When those people orientate themselves, most of them then do one of two things.  They may stop at the candle stands and light a candle, say a prayer, perhaps even sit for a time.  Others wander around, looking at the art and the windows and the altars.  Most of them will find their way to the painting of the Presence in the North Aisle here.  Some people come specifically to see that painting.  It’s a painting that tells us something about the Epiphany, tells us something about what the revelation of God is about in this place.  The painting shows the grandeur of the building, it tells us something about the human response to God, the use of gifts and skills to create somewhere that speaks of something and someone far beyond itself.  But it also speaks about the mystery of God, the God whom we encounter when we least expect it, the God who seeks us out even when we don’t think we’re looking in that direction.

The Presence reminds us that a part of our mission in this place is to find ways to say something about the revealed mystery of God, to be sure that we are alert to the possibilities that arise to share more than the glory of our building, but to point people towards the glory of God.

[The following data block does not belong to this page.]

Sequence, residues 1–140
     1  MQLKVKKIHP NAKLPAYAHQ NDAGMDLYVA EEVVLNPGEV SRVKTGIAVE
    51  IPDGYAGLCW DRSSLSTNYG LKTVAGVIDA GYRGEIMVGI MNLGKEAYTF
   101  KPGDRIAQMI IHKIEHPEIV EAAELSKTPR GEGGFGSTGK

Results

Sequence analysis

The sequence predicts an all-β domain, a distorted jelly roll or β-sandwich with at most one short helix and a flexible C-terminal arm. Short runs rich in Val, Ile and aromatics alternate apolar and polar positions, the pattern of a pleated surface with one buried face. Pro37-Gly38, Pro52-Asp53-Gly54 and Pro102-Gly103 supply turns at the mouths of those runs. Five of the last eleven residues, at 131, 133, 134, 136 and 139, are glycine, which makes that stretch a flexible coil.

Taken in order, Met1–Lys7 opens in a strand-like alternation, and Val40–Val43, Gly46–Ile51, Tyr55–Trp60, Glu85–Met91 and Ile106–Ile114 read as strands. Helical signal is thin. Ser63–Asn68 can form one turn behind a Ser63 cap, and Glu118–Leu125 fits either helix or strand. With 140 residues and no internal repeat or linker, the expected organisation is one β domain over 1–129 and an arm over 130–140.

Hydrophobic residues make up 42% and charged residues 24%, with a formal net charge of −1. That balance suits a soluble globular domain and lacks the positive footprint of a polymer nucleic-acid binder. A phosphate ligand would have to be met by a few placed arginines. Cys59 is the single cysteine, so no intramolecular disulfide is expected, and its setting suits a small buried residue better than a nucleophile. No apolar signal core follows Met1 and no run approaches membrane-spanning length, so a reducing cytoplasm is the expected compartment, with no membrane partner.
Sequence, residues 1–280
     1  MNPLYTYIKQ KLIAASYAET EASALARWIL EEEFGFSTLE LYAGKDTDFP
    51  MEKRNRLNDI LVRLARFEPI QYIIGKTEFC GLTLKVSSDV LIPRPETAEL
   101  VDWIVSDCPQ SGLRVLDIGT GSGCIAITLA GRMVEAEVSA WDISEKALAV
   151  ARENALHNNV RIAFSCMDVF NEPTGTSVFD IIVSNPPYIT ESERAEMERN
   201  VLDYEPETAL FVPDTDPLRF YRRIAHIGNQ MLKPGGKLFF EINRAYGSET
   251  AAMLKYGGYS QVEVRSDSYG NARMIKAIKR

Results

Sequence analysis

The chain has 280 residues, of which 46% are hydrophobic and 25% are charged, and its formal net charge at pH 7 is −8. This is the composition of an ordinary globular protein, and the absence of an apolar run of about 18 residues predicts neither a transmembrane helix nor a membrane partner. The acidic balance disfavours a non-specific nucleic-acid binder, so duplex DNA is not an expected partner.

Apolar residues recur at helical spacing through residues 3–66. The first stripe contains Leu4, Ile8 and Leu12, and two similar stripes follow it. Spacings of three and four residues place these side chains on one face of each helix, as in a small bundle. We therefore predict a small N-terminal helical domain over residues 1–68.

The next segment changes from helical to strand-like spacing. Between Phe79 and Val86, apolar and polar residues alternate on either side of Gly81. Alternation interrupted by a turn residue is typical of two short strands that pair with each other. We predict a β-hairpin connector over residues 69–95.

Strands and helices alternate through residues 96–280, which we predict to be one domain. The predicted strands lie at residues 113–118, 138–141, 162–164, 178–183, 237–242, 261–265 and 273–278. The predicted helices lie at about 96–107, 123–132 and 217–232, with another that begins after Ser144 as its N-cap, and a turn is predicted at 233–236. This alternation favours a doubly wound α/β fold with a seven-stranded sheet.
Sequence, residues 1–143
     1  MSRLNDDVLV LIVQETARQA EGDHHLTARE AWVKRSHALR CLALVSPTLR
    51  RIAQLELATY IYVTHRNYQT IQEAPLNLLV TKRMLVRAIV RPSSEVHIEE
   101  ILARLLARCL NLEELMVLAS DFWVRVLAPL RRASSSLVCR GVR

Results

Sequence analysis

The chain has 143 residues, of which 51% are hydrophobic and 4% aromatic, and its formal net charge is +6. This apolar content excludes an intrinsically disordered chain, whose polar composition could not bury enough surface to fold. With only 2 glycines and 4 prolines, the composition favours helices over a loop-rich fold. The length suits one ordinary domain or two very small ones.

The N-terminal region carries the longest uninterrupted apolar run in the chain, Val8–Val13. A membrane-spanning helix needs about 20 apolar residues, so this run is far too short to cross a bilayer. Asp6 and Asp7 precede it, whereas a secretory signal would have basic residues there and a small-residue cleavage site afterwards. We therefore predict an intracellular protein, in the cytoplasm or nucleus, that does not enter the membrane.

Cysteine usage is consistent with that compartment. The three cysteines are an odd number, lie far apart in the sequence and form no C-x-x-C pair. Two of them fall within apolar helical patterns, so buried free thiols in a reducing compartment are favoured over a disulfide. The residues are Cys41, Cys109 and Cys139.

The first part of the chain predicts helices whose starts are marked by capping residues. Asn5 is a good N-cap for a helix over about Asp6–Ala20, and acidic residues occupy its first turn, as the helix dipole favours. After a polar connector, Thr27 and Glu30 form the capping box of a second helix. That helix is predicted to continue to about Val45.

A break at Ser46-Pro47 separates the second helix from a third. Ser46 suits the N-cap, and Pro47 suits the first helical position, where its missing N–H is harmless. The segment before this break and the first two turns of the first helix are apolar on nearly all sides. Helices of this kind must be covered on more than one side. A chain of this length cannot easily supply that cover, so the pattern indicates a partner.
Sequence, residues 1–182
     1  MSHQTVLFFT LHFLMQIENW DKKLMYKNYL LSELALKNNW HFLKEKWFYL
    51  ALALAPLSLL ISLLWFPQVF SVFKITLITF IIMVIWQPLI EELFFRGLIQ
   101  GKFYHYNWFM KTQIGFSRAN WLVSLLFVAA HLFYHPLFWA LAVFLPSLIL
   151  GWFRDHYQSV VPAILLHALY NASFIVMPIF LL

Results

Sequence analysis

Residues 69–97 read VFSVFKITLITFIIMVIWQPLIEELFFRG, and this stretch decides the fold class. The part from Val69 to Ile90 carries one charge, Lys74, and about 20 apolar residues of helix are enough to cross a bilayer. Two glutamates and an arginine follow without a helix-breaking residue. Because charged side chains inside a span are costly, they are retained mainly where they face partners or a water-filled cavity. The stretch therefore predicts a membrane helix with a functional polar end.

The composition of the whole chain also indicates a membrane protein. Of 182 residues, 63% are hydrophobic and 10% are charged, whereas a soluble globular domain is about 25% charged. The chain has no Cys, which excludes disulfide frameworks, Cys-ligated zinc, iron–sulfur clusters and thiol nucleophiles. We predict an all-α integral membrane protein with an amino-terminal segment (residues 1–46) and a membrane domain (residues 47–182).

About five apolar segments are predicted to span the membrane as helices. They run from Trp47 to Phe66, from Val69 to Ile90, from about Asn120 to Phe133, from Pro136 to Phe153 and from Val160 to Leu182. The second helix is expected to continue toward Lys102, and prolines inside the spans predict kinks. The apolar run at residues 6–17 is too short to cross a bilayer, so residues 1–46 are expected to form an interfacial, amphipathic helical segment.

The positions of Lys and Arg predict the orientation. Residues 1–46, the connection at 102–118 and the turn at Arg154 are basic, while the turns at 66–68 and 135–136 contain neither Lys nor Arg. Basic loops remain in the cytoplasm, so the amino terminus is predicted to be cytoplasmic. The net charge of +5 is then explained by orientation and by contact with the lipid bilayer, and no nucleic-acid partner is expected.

This morning’s reminder is that God is the God of all people – whoever and however they are.  There is not a chosen elite, each of us is invited to make a choice – a choice to follow in the footsteps of the Magi, to travel this particular path alongside the earliest believers and disciples; to follow the light and the word, journeying towards our God, allowing ourselves to open our eyes and hearts to the revealed mystery that is told and explored within our Scriptures and in our lived experience.

The painting of the Presence has two points of focus.  There is a strong and compelling light over the High Altar, a light that draws us to that place where the bread is taken and broken – for every one of us.  And at the same time, our eyes are drawn to that place at the very back of the Cathedral where the Christ is fully present.  Fully present for every one of us.